- Bitcoin mining emissions have been reduced by over 50% in the span of three years.
- Texas recently struck down a state bill that would have limited BTC miners’ participation in cost-saving grid programs.
- Bitcoin miner reserves are gradually recovering the losses from May to June 2022.
Bitcoin mining and the narrative around how Proof-of-Work being one of the most energy-consuming processes in the entire world is set to change. With more sustainable mining methods coming to light and awareness spreading, BTC is close to joining the league of blockchains that have achieved carbon neutrality.
Bitcoin mining becoming sustainable
According to reports, the global Bitcoin mining industry emissions over just the last three years have been reduced by more than 50%. Back in May 2020, BTC mining resulted in 601 g/KWh in emissions, which declined to 299 g/KWh around May 2023. “g/KWh” is a unit of measurement used to express the amount of carbon dioxide emissions (in grams) produced per kilowatt-hour of electricity generated. Lower values of g/KWh indicate lower carbon emissions and a cleaner energy generation process.
Bitcoin mining emission
In addition to this, Bitcoin mining is also rapidly approaching carbon neutrality and could end up being net carbon negative if it continues to go down this path. This achievement has been seen in very few blockchains in the past, such as Polygon and Solana.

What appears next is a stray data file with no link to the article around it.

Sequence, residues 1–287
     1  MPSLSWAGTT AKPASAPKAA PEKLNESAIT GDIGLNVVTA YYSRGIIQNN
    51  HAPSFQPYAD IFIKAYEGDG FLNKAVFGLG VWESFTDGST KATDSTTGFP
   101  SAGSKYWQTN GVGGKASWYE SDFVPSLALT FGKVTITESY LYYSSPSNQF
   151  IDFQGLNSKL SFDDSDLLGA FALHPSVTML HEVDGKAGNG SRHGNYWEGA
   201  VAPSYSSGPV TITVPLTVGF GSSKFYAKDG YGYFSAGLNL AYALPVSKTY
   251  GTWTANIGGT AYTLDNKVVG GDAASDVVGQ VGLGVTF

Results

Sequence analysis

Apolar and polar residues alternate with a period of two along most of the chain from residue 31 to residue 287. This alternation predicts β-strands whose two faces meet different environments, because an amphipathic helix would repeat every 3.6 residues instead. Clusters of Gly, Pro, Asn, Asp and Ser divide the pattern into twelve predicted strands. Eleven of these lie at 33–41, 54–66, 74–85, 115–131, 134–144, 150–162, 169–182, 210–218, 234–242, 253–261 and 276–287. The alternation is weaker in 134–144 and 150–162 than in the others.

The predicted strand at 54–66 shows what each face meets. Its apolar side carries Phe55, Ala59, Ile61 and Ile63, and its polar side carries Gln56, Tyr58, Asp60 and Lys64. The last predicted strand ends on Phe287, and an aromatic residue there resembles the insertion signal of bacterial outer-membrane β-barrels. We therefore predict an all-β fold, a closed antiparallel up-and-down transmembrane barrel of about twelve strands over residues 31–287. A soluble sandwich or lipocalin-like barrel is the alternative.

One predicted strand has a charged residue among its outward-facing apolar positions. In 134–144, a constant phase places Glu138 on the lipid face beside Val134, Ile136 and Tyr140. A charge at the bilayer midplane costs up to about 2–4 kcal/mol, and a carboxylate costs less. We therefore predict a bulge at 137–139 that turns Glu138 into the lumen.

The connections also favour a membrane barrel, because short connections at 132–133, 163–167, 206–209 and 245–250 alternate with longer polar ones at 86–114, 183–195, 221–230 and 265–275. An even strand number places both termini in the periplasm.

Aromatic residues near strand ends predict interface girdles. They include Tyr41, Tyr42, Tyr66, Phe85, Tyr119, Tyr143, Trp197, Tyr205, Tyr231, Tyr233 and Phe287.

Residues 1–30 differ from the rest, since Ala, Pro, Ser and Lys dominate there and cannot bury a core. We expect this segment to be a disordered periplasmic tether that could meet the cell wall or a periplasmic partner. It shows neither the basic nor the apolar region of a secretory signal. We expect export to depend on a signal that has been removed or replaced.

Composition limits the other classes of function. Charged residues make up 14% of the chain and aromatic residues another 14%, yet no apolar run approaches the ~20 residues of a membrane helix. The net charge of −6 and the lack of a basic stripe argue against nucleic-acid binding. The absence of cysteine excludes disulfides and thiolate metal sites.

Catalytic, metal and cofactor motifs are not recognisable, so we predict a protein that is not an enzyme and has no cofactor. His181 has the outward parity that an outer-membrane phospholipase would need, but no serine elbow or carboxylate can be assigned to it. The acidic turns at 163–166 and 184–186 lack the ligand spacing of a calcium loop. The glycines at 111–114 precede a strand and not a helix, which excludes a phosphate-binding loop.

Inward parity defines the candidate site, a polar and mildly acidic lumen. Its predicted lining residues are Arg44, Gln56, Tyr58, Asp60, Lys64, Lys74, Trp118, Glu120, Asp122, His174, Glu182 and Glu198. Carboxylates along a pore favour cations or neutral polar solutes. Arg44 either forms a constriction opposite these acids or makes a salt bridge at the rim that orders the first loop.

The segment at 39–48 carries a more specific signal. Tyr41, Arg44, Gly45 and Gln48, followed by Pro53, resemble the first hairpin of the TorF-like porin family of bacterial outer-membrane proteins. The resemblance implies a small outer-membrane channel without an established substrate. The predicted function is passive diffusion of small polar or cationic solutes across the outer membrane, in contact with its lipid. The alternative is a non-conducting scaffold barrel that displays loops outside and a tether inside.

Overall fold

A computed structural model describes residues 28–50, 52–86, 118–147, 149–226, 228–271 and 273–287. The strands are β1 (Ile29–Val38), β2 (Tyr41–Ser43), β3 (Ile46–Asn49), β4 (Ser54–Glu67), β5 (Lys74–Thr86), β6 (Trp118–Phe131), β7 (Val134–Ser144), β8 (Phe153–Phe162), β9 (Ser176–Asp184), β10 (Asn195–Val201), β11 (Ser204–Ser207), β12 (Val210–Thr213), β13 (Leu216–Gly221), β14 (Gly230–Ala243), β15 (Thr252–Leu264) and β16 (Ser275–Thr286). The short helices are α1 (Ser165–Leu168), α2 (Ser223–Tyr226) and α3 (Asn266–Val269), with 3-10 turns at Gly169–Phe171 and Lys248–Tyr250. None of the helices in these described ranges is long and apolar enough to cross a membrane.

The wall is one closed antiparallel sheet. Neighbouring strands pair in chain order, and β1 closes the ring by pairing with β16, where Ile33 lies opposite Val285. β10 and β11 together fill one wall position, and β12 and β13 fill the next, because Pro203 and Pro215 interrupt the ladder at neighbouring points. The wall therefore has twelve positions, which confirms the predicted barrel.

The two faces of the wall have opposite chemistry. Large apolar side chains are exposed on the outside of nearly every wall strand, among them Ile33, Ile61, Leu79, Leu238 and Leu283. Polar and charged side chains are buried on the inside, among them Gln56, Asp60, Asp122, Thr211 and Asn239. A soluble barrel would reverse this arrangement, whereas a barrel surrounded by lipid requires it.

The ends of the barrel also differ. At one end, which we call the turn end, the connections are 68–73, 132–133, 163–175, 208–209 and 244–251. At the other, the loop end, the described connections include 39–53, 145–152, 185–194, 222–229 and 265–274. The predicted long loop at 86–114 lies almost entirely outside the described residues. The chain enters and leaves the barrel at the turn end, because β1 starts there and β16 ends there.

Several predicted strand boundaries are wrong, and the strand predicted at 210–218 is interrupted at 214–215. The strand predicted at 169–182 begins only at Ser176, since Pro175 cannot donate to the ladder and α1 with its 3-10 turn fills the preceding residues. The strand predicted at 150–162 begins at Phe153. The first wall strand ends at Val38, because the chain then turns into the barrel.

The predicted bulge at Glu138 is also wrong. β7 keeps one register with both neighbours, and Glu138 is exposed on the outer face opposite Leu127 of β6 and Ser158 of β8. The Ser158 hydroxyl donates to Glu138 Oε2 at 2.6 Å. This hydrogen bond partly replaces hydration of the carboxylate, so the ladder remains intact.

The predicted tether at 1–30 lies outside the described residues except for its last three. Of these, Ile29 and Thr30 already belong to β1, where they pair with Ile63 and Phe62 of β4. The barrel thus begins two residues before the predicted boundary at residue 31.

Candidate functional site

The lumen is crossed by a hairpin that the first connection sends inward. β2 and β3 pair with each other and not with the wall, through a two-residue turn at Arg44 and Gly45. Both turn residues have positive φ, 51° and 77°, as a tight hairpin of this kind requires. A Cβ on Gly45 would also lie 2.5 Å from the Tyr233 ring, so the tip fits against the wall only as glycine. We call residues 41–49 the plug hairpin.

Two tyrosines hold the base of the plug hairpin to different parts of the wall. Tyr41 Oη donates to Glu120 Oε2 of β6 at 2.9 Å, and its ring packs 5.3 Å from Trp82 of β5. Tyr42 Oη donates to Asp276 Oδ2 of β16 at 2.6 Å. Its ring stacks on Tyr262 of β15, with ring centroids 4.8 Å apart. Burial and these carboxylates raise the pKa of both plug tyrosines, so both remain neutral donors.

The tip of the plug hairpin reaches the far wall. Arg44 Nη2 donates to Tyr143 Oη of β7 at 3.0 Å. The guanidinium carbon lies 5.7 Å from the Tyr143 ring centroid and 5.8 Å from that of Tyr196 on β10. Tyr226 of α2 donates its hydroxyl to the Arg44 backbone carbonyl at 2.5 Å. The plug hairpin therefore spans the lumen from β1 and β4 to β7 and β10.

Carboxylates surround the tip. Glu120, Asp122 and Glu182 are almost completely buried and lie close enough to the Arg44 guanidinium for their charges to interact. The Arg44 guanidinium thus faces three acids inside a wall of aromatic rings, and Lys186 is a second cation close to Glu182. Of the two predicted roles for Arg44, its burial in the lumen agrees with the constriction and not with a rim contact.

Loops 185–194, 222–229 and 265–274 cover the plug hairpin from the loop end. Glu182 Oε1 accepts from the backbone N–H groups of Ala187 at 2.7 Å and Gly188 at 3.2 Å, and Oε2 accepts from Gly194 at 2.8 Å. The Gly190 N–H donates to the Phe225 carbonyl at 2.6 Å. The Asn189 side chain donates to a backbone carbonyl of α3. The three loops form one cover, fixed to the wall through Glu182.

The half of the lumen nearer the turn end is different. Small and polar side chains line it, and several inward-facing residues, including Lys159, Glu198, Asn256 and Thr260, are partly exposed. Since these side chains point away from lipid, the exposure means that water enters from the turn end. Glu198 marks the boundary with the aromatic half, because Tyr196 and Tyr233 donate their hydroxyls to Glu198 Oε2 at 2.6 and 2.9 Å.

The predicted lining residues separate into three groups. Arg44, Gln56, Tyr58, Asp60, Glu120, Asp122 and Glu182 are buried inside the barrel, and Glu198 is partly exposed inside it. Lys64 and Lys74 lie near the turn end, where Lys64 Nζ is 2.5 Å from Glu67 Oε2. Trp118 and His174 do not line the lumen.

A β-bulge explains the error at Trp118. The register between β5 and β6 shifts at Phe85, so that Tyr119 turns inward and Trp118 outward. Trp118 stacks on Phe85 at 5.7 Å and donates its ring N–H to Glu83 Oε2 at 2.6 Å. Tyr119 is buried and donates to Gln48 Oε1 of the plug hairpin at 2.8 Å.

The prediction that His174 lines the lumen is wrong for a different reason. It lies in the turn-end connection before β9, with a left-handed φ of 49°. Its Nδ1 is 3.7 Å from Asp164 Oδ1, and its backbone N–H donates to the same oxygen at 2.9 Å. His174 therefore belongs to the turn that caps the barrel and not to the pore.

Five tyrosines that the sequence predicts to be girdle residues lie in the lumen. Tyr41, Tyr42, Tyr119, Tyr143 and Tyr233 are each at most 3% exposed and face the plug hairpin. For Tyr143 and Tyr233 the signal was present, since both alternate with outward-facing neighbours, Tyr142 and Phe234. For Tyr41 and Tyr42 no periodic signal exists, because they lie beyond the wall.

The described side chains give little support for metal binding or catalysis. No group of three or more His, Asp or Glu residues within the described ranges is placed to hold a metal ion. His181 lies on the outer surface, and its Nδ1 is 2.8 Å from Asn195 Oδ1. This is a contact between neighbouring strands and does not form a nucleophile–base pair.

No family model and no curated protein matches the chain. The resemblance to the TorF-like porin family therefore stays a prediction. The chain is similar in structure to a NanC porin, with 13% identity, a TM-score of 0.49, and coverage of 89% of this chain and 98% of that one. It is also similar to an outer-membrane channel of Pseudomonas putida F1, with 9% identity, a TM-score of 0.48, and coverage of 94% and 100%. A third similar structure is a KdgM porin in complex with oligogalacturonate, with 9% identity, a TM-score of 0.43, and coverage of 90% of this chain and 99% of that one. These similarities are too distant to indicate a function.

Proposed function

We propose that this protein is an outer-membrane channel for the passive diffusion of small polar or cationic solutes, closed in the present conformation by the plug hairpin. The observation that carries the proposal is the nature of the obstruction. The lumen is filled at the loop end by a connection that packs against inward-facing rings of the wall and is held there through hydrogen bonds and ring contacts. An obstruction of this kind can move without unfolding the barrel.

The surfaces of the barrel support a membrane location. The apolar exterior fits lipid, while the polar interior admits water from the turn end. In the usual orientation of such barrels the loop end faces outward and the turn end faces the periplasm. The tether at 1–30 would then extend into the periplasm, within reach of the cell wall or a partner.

If Bitcoin achieves this, it would certainly bring an end to the long-ongoing “BTC mining power consumption kills the environment” narrative. This discourse was the primary reason that led to Elon Musk canceling Tesla’s acceptance of payments through BTC, which resulted in the crash of May 2021.
Earlier this week, a Texas state bill that would have limited bitcoin miners’ participation in cost-saving grid programs failed to move past a committee in the state House of Representatives.
As per the program, miners are given credits in response to turning off their operations whenever the power grid notes a surge in demand. The bill would have limited the miners’ participation to just 10% and, at the same time, also abolished the tax abatements.
However, since the bill has been struck down, no major negative implication will be seen by the miners across the world.
Bitcoin miners’ reserves are rising
Bitcoin miners’ reserves are still recovering following the significant depletion observed throughout 2022 starting in May last year. The miners are still spending some of their balance in order to ensure their operations are not ceased. Just in the last month and a half, miners have sold nearly $5 billion worth of BTC from the reserves to power their mining rigs.
Bitcoin miners reserves
However, the Hash rate is still rising, which suggests that despite facing losses and even in the uncertainty of gains from Bitcoin price, miners are still keeping their systems up and running. They are sitting with the hopes of eventual gains, which could still be a while.